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Smart Gigabit Communities: How Cox is Setting Cities up for Success

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Smart Gigabit Communities: How Cox is Setting Cities up for Success

Smart gigabit communities have been popping up all over the country over the past couple of years. An initiative created and funded by the National Science Foundation’s US Ignite program, a smart gigabit community is defined by the organization as a “living lab” environment for the next generation of gigabit applications. These communities are encouraged to drive innovation and economic opportunities through utilizing high-speed networks and local resources, and Cox Communications has been a leading partner in this effort. The ISP is the first private business to fund multiple cities in the program—Phoenix, San Diego, and now Las Vegas. In an interview with NCTA, Cox Senior Vice President and Southwest Region Manager John Wolfe talked about the beginnings of Cox’s partnership with the US Ignite SGC program in Phoenix, and how residents in each of these smart gigabit communities will benefit from the next generation developments coming out of this initiative. 

"There are a million definitions for what a smart gigabit community is. But we see [these launches] as the city's leaders looking to combine their people, talent, infrastructure, connected-devices and processes in an effort to improve the quality of life for their residents. They want to help their city operate better," said Wolfe. 

The ISP was actually responsible for connecting Phoenix’s first gigabit home in 2014. "We built a tremendous underlying broadband infrastructure that's capable of delivering and supporting all of these different applications," said Wolfe. Through a combination of fiber and DOCSIS 3.1, gigabit technology is already available to about 85 percent of homes in Phoenix. "Back then we worked with Phoenix to figure out how to best leverage what that network can provide," said Wolfe, which is when the ISP became aware of the US Ignite SGC program. The sponsorship opportunity was there, and Cox went for it. 

"Once you become a smart gigabit community, you have an obligation to develop a couple of apps every year," said Wolfe. These applications have to make a material difference in the quality of life for city residents, and cater to a community’s needs and challenges. In a unique move, Phoenix hosted hackathons to decide which app ideas would be best to fund and develop. Recent developments have included apps that help the city alert and remind its residents on days when the trash bins should be taken out, what can or can't be thrown into the trash bins, and when recycling day happens in the city. Wolfe stressed that as innocuous as an app like that may seem, the new technology has helped the city tremendously in tracking the activity that happens at the street level.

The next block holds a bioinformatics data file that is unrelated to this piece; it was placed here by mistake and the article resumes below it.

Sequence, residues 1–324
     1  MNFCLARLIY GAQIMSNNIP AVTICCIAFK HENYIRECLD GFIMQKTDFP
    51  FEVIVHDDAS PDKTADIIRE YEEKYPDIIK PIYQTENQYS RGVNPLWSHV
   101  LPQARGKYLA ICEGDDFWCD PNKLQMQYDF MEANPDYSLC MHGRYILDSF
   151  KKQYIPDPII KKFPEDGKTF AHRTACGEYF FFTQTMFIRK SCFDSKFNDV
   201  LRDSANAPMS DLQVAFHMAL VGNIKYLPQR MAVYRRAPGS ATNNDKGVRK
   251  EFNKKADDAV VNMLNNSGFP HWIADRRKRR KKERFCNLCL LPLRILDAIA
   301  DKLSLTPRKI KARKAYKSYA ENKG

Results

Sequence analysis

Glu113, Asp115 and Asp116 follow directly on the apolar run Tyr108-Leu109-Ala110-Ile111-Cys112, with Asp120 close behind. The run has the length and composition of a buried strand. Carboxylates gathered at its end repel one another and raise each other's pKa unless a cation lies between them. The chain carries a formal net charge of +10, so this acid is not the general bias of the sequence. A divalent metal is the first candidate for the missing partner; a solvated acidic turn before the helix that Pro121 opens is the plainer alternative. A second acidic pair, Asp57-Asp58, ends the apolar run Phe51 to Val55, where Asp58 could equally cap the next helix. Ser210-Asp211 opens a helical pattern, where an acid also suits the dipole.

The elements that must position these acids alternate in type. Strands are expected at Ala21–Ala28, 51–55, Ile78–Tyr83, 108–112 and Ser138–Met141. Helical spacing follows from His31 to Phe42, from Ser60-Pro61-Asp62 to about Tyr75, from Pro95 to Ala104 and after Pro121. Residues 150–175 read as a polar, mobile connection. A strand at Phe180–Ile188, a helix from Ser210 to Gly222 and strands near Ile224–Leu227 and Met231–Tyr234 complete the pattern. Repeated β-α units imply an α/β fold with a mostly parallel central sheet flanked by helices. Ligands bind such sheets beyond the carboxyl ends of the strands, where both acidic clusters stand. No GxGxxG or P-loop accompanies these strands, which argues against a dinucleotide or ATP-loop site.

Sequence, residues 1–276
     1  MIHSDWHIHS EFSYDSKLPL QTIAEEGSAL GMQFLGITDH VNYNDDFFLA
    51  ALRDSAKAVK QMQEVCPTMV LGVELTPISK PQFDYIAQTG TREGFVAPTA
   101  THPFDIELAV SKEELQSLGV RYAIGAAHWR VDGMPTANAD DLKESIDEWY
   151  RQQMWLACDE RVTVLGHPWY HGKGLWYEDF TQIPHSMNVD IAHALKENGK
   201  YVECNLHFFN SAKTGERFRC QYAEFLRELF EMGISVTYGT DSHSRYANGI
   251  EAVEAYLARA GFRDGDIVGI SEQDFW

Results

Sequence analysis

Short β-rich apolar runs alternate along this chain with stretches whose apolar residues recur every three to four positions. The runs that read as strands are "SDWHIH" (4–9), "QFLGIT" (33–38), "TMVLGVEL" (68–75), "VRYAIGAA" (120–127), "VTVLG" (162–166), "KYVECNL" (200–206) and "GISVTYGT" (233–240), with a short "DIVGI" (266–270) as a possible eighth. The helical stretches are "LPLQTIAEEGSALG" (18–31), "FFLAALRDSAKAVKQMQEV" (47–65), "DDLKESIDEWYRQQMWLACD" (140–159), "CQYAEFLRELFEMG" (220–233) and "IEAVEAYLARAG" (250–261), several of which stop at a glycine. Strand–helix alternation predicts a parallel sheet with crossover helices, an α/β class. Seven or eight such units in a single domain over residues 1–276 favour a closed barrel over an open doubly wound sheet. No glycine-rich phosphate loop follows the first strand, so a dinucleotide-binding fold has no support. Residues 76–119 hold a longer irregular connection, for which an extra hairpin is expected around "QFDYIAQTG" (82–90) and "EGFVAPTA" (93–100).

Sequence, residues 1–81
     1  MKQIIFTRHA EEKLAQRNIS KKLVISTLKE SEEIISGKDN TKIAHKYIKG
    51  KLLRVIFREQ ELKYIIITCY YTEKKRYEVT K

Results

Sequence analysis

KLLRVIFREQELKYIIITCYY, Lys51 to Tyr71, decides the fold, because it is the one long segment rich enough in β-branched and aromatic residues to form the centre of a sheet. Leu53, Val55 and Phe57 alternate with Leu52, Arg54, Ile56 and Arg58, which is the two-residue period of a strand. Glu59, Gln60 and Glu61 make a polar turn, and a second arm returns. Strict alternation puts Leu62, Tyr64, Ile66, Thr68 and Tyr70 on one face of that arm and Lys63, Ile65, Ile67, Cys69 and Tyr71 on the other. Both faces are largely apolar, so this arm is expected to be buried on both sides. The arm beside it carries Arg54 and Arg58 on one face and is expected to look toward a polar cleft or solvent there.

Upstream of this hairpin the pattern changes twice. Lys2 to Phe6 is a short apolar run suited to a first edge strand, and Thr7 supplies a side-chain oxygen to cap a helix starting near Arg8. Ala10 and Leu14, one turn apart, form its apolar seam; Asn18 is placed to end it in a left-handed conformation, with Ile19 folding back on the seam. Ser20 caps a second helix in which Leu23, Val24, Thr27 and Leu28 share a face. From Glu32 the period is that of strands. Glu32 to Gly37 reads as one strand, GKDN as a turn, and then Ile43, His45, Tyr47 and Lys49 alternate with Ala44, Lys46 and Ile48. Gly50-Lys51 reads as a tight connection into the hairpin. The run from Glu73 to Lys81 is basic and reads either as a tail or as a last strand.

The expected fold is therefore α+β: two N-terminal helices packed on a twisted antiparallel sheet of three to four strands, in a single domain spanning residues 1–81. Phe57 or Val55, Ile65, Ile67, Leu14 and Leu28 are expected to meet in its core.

Wolfe also pointed out that each city is different in how they want to set up the smart gigabit community initiative. For example, Phoenix has brought together a consortium on economic development that includes multiple regional stakeholders. Cox works with this consortium to brainstorm regional solutions--whether that be improved traffic management, better energy management, or looking for public safety opportunities--that can address regionwide problems as opposed to just citywide issues.

San Diego and Las Vegas, which launched after Phoenix, are starting to figure out what their smart gigabit community governance structures look like and what sorts of solutions are needed to address their city's main issues, added Wolfe. [California and Las Vegas were also early gigabit speed markets for Cox.]      
   
"One of the things that we've learned as we've deepened our relationship with these cities is that they trust us as a provider and as a partner," said Wolfe. Cities are often pitched solutions to their smart community challenges. Cox, however, already has the underlying technology, allowing the ISP to partner with communities in various ways and to tackle each community's unique challenges. 

"We've made tremendous investments in these communities. Our success is tied to the success of the cities and towns where we operate. Our growth is tied to their growth," said Wolfe. "It's critically important to us that we partner with these cities to help them improve how effectively they operate, improve their ability to attract business, and improve the quality of life for the citizens who live there."  
 

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